BMP Antagonists - A Possible Cause for Spinal Non-Fusion?

Gantenbein, Benjamin; Guerrero, Julien; Graf, Selianne; May, Rahel Deborah; Bidgon, Sebastian; Klenke, Frank Michael; Deml, Moritz Caspar; Albers, Christoph Edgar (2020). BMP Antagonists - A Possible Cause for Spinal Non-Fusion? eCM online periodical, p. 143. Manchester: AO Foundation

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INTRODUCTION:Spinal fusion is a procedure where the intervertebral disc (IVD) is removed and two adjacent vertebrae are forced to fuse by compression. This procedure is the most commonly applied procedure to achieve spinal stability and relief of back pain. However, non-successful fusion leads to pseudo-athrosis and ongoing pain. There is increasing evidence that supraphysiological doses of BMP2 and burst-release of this cytokine did not generate satisfying results in clinical studies. Current hypothesis was raised that IVD cells and/or tissue seem to inhibit the action of BMP2. In this overview we summarize the current evidence that BMPs might be inhibited by the secretome of human IVD cells, i.e., nucleus pulposus cells (NPC), annulus fibrosus cells (AFC) and cartilaginous endplate (CEPC) cells.

METHODS:We stimulated low-passage (2-3) human bonemarrow-derived mesenchymal stromal cells (MSCs) and femoral hip-derived osteoblasts (OBs) and co-cultured these with allogeneic IVD cells obtained from spinal surgery. We then stimulated MSCs and the OBs in monolayer and osteogenic medium, whereas IVD cells were kept in 3D alginate bead culture and separated by high density pore culture inserts (0.4 µm pore size). We quantified relative gene expression at bone-relevant genes, alkaline phosphatase (ALP) activity and Alizarin red (ALZR) staining after 21 days. Furthermore, to test the effect of a previously investigated BMP2 analog to block the inhibitors, cells were further stimulated with 100 ng/mL BMP2 and/or L51P.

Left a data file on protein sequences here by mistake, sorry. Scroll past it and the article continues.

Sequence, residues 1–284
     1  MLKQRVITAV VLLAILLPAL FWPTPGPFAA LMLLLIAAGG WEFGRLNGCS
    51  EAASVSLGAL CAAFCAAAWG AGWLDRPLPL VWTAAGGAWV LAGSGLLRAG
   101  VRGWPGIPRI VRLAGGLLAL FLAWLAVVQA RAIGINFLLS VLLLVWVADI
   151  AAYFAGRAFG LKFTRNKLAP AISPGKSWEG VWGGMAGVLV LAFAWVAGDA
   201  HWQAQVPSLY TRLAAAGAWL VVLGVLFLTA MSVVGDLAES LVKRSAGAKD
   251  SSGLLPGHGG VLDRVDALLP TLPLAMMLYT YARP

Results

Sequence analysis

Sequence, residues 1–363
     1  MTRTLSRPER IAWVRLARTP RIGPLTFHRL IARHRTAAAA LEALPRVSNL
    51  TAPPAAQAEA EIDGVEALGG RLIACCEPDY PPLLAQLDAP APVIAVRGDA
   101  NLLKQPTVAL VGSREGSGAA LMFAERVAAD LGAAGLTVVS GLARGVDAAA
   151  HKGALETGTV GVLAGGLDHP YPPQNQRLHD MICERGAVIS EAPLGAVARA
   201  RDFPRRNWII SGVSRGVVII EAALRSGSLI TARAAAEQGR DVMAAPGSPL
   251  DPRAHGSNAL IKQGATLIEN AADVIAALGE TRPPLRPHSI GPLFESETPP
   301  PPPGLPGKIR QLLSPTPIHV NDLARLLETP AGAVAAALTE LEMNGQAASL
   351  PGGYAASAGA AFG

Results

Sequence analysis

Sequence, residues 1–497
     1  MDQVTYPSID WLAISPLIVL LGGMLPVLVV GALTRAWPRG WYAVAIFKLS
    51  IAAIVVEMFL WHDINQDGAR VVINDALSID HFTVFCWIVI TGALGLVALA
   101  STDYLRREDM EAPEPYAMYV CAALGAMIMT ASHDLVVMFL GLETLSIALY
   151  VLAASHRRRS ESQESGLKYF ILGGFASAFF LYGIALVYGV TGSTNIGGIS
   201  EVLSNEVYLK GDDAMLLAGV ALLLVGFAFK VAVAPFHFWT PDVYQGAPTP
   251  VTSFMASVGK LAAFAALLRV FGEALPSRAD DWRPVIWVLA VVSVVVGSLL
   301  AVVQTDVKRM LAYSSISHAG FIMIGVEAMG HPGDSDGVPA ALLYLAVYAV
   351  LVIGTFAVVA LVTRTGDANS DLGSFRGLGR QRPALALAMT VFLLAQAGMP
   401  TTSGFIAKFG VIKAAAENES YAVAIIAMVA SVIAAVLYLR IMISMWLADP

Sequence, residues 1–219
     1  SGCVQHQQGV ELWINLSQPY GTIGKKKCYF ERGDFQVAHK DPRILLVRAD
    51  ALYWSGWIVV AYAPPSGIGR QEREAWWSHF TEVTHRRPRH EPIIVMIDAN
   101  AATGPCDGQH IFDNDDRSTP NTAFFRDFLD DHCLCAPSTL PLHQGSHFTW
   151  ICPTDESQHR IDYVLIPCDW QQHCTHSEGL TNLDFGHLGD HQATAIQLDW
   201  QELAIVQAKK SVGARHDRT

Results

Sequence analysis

RESULTS:We found significant inhibitory effects of IVD cells onto MSCs undergoing differentiation in presence of NPC, AFC and CEPC as shown in reduced osteogenic gene expression, ALZR staining and ALP activity (N = 11 donors paired on each side). In the case of allogeneic human OBs only a trend towards inhibition could be demonstrated (N = 7 donors on each side). The addition of L51P to the coculture recovered ossification. On the side of the IVD cells BMP2 and/or L51P had a strong chondrogenic effect.

DISCUSSION & CONCLUSIONS:Our data suggested evidence for inhibition for MSCs. However, OBs did not show the same inhibitory effects but showed a trend in presence of IVD’s secretome. This warrants for animal models where the donor variance can be better controlled.

ACKNOWLEDGEMENTS:This work was supported by a start-up grant from the Center for Applied Biotechnology and Molecular Medicine (CABMM). Further funds were received from the Swiss Society of Orthopaedics (SGOT), the clinical trials unit (CTU) of Bern University Hospital, and by a Eurospine Task Force Research grant #2019_22.

Item Type:

Conference or Workshop Item (Abstract)

Division/Institute:

04 Faculty of Medicine > Department of Orthopaedic, Plastic and Hand Surgery (DOPH) > Clinic of Orthopaedic Surgery
04 Faculty of Medicine > Pre-clinic Human Medicine > BioMedical Research (DBMR)

UniBE Contributor:

Gantenbein, Benjamin; Guerrero, Julien Paul; May, Rahel Deborah; Klenke, Frank M.; Deml, Moritz Caspar and Albers, Christoph

Subjects:

500 Science > 570 Life sciences; biology
600 Technology > 610 Medicine & health
600 Technology > 620 Engineering

ISSN:

2522-235X

Publisher:

AO Foundation

Language:

English

Submitter:

Benjamin Gantenbein

Date Deposited:

07 Oct 2020 16:14

Last Modified:

07 Oct 2020 16:14

BORIS DOI:

10.7892/boris.146798

URI:

https://boris.unibe.ch/id/eprint/146798

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